• Tuesday, March 05, 2024

Column

Cameron helped strengthen India-UK ties

David Cameron

By: Eastern Eye

MY INSTINCT is that the return of David Cameron as foreign secretary is good for Rishi Sunak, for the government and for the country. Let’s not forget that Rishi was elected an MP in 2015 during Cameron’s last year as prime minister.

Cameron has disagreed with Rishi’s decision to cancel the Birmingham-Manchester leg of HS2, but he said: “Though I may have disagreed with some individual decisions, it is clear to me that Rishi Sunak is a strong and capable prime minister, who is showing exemplary leadership at a difficult time.

“I want to help him to deliver the security and prosperity our country needs and be part of the strongest possible team that serves the United Kingdom and that can be presented to the country when the general election is held.”

The ex-prime minister has not been given enough credit for strengthening UK-India links. When he was first elected Tory leader in 2006, he declared he wanted a special relationship with India. It was the first country he visited, and he did that three more times as prime minister (I covered his first prime ministerial visit in 2010).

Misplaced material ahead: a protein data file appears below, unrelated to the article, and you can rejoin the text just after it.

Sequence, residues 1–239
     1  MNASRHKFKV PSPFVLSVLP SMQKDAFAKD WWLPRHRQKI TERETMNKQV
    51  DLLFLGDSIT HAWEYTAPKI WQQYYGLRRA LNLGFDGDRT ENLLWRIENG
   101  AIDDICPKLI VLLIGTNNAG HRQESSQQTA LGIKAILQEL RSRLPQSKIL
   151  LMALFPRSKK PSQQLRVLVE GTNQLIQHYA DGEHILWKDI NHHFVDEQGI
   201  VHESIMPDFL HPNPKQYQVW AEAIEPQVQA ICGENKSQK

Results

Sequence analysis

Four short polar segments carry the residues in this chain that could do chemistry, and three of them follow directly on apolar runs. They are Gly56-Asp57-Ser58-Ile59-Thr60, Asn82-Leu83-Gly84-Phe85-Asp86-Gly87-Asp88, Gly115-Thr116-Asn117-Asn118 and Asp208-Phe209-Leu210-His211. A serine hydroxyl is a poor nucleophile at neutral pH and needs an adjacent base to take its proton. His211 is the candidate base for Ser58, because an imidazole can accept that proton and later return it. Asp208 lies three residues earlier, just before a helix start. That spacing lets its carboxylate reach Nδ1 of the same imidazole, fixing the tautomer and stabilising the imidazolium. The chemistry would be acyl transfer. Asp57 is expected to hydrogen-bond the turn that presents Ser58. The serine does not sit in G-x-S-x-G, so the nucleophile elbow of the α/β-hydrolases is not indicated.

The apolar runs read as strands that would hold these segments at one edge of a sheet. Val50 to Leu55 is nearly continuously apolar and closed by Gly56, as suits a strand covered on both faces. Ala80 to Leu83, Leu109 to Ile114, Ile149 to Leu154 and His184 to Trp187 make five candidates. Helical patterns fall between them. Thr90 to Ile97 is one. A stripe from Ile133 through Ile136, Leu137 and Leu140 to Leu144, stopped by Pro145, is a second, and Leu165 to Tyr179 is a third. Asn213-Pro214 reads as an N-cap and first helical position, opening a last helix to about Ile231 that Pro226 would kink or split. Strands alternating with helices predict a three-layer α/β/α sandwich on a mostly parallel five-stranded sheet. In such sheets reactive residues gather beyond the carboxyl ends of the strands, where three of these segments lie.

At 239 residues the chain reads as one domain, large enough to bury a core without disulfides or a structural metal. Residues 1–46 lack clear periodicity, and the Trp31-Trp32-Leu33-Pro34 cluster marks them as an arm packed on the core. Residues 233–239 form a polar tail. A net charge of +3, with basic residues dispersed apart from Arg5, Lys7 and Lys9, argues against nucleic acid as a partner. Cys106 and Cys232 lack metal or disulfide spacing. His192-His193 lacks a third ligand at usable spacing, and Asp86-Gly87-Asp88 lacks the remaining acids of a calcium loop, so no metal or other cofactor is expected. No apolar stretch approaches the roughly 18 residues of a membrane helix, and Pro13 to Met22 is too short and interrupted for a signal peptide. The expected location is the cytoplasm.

He appointed Priti Patel as his “diaspora champion” and took her to India on a subsequent trip. And when Narendra Modi paid his first visit to the UK as India’s new prime minister in November 2015, many people will remember the tamasha when they packed out Wembley stadium.

Cameron is not an MP so he has had to go to the Lords to do his job. This is similar to the way Manmohan Singh was prime minister of India for 10 years by occupying a Rajya Sabha seat. He was never elected to the Lok Sabha.

It’s high time Sir Keir Starmer paid his first visit to India as Labour leader. He was statesmanlike when he addressed a gathering at the Neasden Temple on Monday (13): “While I might be after his job, it is a huge achievement that this country has its first non-white prime minister, and a prime minister of Hindu heritage.”

Rishi has been to Neasden and many other temples, including one in Delhi during the G20 summit. I would like him to understand that he is not a Hindu prime minister but a prime minister who happens to be Hindu. He has visited a synagogue to express solidarity with the UK’s Jewish population. He has held a Downing Street reception to mark Eid as he has done for Diwali. Has he been to mosques or have I missed that? The mosques I have been to in Iran and in the Middle East have been truly tranquil and democratic spaces.

Eastern Eye

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